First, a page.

This might not really qualify as a short story, though it’s the first in what’s called a collection of stories. It might better be called a reflection of Sommerfield’s experiences as an RAF enlisted mechanic in World War Two.
It opens with the recollection of how he and his crewmates at a bomber base in the North would walk through a wood between their quarters and the airfield.
Sometimes when we came under the shade of those trees and sniffed that elusive vegetable smell we were reminded of a different world, one having nothing to do with the way we lived now, nor belonging to the fantasies of civilian existence with which we tantalized ourselves.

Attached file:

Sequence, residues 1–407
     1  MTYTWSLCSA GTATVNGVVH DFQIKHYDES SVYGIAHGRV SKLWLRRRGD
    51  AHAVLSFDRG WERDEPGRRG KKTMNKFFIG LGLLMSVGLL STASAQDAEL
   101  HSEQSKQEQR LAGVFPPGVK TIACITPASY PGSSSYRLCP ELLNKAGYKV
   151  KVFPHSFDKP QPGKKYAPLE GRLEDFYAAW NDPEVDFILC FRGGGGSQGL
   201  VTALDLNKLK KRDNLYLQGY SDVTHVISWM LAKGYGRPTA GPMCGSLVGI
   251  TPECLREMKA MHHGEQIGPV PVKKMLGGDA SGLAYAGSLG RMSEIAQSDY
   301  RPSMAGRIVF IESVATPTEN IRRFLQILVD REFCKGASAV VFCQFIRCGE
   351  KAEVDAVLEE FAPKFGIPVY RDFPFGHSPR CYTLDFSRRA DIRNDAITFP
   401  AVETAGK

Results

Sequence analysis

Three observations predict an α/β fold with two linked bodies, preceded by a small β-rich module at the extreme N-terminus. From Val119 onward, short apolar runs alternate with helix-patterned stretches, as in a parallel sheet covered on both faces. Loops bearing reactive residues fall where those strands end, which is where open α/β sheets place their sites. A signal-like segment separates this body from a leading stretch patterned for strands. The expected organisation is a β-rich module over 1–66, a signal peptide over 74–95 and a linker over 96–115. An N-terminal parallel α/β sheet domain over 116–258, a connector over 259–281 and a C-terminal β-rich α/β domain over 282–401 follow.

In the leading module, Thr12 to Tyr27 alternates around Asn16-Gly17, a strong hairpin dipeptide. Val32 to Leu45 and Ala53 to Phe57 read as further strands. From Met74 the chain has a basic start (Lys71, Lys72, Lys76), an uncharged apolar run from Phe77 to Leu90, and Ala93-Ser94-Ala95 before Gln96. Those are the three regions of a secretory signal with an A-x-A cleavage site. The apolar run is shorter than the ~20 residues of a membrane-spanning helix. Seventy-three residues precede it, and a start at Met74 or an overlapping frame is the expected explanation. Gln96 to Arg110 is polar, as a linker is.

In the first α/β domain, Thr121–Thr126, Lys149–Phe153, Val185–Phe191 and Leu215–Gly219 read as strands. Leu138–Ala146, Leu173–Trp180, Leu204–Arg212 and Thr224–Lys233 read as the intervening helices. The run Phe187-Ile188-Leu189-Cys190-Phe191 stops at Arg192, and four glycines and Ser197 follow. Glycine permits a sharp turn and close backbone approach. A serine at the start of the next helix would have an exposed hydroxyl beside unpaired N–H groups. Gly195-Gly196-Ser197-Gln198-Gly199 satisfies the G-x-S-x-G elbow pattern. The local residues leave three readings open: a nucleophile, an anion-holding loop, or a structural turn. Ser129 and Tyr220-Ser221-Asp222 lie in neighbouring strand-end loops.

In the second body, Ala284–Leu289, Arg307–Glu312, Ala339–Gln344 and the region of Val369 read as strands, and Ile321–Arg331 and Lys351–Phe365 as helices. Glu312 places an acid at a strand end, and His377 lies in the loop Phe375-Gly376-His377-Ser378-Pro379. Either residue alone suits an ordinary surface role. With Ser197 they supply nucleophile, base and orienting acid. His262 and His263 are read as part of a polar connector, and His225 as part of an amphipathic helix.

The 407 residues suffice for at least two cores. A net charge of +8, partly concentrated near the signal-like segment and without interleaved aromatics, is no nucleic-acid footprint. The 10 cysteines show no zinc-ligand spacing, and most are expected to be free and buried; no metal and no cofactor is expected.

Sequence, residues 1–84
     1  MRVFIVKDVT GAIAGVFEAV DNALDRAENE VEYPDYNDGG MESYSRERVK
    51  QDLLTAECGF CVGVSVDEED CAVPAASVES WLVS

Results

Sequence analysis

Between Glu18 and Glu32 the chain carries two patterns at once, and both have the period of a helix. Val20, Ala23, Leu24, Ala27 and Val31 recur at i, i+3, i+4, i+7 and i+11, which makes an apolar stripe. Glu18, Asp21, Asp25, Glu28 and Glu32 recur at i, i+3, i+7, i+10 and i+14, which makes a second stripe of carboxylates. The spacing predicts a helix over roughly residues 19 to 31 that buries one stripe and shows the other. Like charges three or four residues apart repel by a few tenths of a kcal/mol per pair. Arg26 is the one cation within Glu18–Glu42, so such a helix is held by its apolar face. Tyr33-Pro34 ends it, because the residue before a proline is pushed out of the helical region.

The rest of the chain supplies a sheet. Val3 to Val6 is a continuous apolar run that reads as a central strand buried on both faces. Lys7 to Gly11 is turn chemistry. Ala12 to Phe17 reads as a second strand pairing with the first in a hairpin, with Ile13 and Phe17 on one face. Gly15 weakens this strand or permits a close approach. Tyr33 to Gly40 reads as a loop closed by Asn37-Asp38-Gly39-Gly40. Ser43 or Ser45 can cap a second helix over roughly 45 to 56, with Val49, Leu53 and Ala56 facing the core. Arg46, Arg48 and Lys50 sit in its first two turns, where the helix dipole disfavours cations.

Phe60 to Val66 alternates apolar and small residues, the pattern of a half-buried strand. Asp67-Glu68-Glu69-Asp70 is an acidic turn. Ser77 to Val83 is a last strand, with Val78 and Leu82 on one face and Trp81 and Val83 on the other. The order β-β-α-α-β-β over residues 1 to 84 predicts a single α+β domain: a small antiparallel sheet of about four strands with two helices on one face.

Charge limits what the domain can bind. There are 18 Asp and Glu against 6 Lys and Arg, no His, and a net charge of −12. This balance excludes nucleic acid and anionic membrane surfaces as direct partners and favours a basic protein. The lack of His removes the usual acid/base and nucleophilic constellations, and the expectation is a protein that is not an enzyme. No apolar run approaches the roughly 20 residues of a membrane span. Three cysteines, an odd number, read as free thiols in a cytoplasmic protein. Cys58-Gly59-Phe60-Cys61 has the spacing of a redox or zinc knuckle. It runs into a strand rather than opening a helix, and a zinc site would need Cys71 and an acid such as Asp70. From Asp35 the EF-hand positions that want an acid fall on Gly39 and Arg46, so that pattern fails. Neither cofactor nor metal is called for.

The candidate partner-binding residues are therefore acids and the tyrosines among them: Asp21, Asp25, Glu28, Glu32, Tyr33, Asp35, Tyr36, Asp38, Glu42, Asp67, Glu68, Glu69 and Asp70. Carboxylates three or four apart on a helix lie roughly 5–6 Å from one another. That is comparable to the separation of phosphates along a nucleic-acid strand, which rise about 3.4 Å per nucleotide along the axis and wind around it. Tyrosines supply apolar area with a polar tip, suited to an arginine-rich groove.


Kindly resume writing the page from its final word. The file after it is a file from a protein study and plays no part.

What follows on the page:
As Sommerfield takes us from the cold and wet of England to the heat and monotony of an airfield in Egypt, he describes how essential these fantasies are to a soldier’s emotional survival—and yet, at the same time, understood to be fragile and unreliable:
Bemused by our own fantasies, warped by disillusionings, fooled and moralized at and lied to by authority, what chance had we of seeing and understanding what we were and what was happening to us?
He draws from the journal he kept throughout the war, noting how absurd were his attempts to assert any fact or opinion with confidence. “History, that scattered us about the world, hid its face from us.” In a quiet and unassuming way, ‘Worm’s-Eye View’ is a reflection on how fiction is both necessary and problematic for our existence.
Included in The Survivors, John Lehmann, 1947